Chemical Pollution in the Great Lakes

An Li and Karl Rockne have been working together for more than five years to monitor and measure environmental pollutants in Great Lakes sediment.

Through the Great Lakes Sediment Surveillance Program, Li, professor of environmental and occupational health sciences in the UIC School of Public Health, and Rockne, professor and interim head of civil and materials engineering in the UIC College of Engineering, have collected more than 1,000 sediment samples in the lakes.

Rockne analyzes the physical structure of the sediment samples, looking for information that will provide clues of how the sediment deposited and what that means for the timing or speed with which chemical pollutants have accumulated in the lake bottom mud.

Li looks at the chemical composition of the samples to identify what kinds of industrial pollutants are present. These typically fall into one of two categories: legacy chemicals, or those that may persist in the environment even though their production has ceased (the pesticide DDT, for example) and chemicals of emerging concern. These chemicals can be known or unknown.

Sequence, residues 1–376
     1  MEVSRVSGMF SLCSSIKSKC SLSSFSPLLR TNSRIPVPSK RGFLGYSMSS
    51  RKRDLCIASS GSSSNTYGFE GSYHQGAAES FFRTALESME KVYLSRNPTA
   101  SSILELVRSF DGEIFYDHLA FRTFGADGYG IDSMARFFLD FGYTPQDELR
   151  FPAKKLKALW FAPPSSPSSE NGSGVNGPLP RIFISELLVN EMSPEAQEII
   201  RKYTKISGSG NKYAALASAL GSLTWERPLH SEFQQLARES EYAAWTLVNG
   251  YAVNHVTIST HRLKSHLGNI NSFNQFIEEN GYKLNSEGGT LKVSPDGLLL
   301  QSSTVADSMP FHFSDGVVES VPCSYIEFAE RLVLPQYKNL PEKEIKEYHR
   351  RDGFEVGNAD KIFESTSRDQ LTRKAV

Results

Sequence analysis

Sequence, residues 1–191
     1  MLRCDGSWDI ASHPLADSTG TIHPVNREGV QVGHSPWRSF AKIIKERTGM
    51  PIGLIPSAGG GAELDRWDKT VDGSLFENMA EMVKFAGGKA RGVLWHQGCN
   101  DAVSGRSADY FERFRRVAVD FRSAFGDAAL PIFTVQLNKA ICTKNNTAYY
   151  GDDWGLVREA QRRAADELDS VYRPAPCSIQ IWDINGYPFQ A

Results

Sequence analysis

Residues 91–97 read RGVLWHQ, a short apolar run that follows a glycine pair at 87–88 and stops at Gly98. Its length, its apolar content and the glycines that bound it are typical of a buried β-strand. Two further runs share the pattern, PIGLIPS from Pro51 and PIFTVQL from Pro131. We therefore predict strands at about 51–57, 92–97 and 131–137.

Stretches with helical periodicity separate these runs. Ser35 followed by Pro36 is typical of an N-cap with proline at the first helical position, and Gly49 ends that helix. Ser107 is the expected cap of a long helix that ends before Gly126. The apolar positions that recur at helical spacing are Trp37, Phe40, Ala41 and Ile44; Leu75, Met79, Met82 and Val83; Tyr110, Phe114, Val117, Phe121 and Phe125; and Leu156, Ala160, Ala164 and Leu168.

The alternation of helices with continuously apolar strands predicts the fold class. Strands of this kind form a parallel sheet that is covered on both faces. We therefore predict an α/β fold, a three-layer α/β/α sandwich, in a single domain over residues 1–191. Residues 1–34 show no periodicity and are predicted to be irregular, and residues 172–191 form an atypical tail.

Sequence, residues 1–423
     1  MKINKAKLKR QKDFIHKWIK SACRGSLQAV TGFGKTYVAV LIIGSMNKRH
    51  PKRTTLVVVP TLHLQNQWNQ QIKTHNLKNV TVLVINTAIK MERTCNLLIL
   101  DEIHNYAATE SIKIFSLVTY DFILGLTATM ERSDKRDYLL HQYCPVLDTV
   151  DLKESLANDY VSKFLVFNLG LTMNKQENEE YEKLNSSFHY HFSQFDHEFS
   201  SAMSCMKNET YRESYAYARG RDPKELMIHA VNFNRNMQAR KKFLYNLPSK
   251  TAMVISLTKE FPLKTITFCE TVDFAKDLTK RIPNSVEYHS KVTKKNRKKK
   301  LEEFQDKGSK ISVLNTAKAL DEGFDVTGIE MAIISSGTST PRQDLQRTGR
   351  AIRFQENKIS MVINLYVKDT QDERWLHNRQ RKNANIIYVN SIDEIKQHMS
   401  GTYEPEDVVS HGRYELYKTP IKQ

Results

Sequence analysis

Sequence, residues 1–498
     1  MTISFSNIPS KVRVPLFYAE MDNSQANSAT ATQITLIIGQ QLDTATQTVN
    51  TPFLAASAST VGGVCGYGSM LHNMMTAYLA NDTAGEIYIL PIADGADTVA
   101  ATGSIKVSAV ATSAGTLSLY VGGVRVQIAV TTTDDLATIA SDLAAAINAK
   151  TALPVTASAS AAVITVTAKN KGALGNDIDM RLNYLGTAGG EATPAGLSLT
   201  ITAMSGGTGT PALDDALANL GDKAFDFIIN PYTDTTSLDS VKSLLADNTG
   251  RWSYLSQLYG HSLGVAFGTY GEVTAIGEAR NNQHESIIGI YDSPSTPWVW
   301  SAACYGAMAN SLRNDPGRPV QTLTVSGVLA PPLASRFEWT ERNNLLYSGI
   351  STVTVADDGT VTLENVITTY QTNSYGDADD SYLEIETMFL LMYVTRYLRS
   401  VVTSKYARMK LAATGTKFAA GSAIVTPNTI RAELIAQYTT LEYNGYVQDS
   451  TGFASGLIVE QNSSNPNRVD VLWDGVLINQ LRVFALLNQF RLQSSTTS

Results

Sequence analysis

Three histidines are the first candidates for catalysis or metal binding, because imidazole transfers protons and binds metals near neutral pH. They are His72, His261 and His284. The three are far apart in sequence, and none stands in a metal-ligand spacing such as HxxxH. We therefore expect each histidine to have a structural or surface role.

One reason the surveillance program is so important, Li said, is that “we need to constantly be on the lookout for the presence of new chemicals in the environment that may be hazardous to health.”

Li recently discovered a suite of chemicals called polyhalogenated carbazoles in the deep sediments of Lake Michigan. These are similar in structure to dioxins and PCBs, but more research needs to be done to determine where they came from and if they are toxic. “We keep finding new things — that’s the fun part,” Li said.

Story By Sharon Parmet
sparmet@uic.edu

Video By Rachel Glass
rachelgl@uic.edu
MFA Candidate
UIC News Videographer